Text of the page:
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Grandmother's battle with US father over custody of minor

Nairobi
Father argues that so long as he and the mother are alive, Wambui has no powers to live with the minor. [iStockphoto]

A minor codenamed RD playfully kicks his ball to a wall and glances with dazzling eyes while waving for a ‘hi.’

At the age of seven, his energy and time is spent on things he loves like going to school, watching kids channels, cuddling his white dog, doing homework, and playing with his friends. He is a bubbly soul.

Kenya has been his home for five years now. However, the minor is oblivious of what is happening around him. His grandmother Millicent Wambui and mother Tracy Kebatta are a worried lot.

They had just completed a court session before the High Court Judge Hillary Chemitei who suspended a children magistrate’s court order requiring Kebatta to take the boy to America.

The battle between the Kenyan mother, her grandmother and an American national Claude Allen Dary who is said to be his father has all through been on who should get custody.

The battle has been a landmark, having been an international one and which now puts Kenya and the United States at crossroads.

It has so far been heard by Justices  Eric Ogola, Aggrey Muchelule, John Onyiego, Stella Mutuku and now Chemitei.

Who between Kenya and US should have the boy?

The minor holds a dual citizenship. He also has a birth certificate of a citizen of Kenya which was registered on February 2, 2018.

His mother, Kebatta was born and raised in Kenya before moving to US in search of greener pastures.

Kebatta also holds the same citizenship status.

Wambui has been fighting the battle from the front. She is of the view that Allen cannot raise, leave alone take care of, her grandson.

She argues that he has not been a part of the minor’s life.

She asserts that he abandoned her daughter and grandson and has to date failed to provide anything for them.

“The respondent is a strange father who has had no need to come to Kenya for five years to see a child he calls his son or to spend monthly more than USD 988.  The respondent abandoned both of them without support and forced me to come to their aid but now feigns interest in the minor whom he spends very little money on,” she argues.

RD was born in 2017 in the US. He came to Kenya two years later. How and why he came has been central to the court battle.

Kebatta and Allen met sometime in 2016. They dated for close to a year and he moved to her residence in New York.

The two however never married.

Now, Allen works with the Federal Emergency Management Agency (FEMA).  According to Wambui, he can spend a long time on his job before returning home.

Wambui tells the court that he left the apartment with everything and never returned. At this time, she said, her daughter was not employed.

The grandmother asserts that she came to the rescue of her grandson and daughter at their point of need.

On the other hand, Allen claims that he has the financial muscle, mental and psychological capacity to take care of the minor.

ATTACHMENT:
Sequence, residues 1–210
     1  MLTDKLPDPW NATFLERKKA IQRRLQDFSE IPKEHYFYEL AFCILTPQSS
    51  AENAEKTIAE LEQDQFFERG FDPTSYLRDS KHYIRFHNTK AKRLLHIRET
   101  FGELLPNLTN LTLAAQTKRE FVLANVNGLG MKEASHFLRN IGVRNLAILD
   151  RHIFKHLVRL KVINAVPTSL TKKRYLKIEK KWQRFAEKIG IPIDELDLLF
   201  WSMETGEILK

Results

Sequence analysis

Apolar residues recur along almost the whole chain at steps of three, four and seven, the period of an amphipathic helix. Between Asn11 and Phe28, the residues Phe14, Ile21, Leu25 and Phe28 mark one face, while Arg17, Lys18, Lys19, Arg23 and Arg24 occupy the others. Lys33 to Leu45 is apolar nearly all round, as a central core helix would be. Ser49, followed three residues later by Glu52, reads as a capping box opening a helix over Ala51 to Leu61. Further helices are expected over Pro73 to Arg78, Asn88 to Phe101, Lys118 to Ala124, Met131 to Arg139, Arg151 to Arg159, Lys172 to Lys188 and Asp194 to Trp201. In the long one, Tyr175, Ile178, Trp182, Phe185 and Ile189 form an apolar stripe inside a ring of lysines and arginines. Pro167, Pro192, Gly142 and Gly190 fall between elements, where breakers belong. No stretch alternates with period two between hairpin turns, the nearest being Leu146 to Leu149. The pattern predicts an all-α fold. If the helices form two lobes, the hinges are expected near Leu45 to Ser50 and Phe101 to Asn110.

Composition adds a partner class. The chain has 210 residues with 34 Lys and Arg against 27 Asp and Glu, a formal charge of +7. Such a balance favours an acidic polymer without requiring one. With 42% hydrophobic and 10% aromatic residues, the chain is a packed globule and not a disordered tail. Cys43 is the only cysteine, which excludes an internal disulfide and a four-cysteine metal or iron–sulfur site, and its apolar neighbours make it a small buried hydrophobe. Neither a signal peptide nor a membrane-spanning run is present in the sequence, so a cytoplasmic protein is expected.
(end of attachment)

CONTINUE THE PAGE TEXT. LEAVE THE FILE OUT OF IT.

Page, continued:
He argues that so long as he and Kebatta are alive, Wambui has no powers to live with the minor.

“The respondent has alienated me in critical decision making on a matter pertaining to my child’s education, health, security and moral religious well-being,” argued Allen.

According to him, the minor can be taken to school in the US, can access health facilities and have a good life since he allegedly lives two blocks away from Kebatta.

In the US, Allen filed a paternity case on March 13, 2019 seeking orders to be named as the father of the minor.

Some 13 days later, Kebatta filed a child support case.  In an escalation of the court battle, the man moved back to court on April 2, 2019, this time seeking instant custody and visitation.

His story to the court was that Kebatta left with the minor in 2019 without his consent.

On May 15, 2019, Lawyers for Children was appointed to represent the minor before the court in US.

On May 31, 2019, the High Court here in Kenya issued a temporary order of custody to Wambui.  Then Covid-19 struck, which delayed the hearing in the New York State Courts.

Five months later, Justice Onyiego granted Wambui the right to take care of the minor after finding that the minor was in Kenya without his parents. He stated that the minor should live with his grandmother.

He also issued residency orders which were to hold until the issue of jurisdiction was determined.

Meanwhile, on January 13, 2020, New York Family Court Referee Stephanie Schwartz issued an oral decision that the best forum for to determine the minor’s custody was in Kenya.

A referee in the US judicial system means an official who assists the judge in limited manners, usually pertaining to fact-finding.

On April 1, 2021, Schwartz ordered that the case in the US should be held in abeyance until the cases in Kenya are settled.

She then became a judge and was moved to Kings Family Court.

The US case was moved to Justice Alma Gomez.

The contention now is that Allen did not appeal Schwartz’s finding that Kenyan courts should deal with the custody case within 30 days.

Allen, in the meantime, argued that the minor’s home state is New York.

On September 21, 2023, Justice Gomez ordered that Wambui should have temporary custody. At the same time, Allen should have unsupervised visits with the minor in Nairobi, Kenya on condition that he will give two weeks’ notice.

He was also given an opportunity to have Facetime access.

In the meantime, in a case filed before Milimani Court magistrate Festus Terer, Wambui argues that the minor cannot have a stable life in the US.

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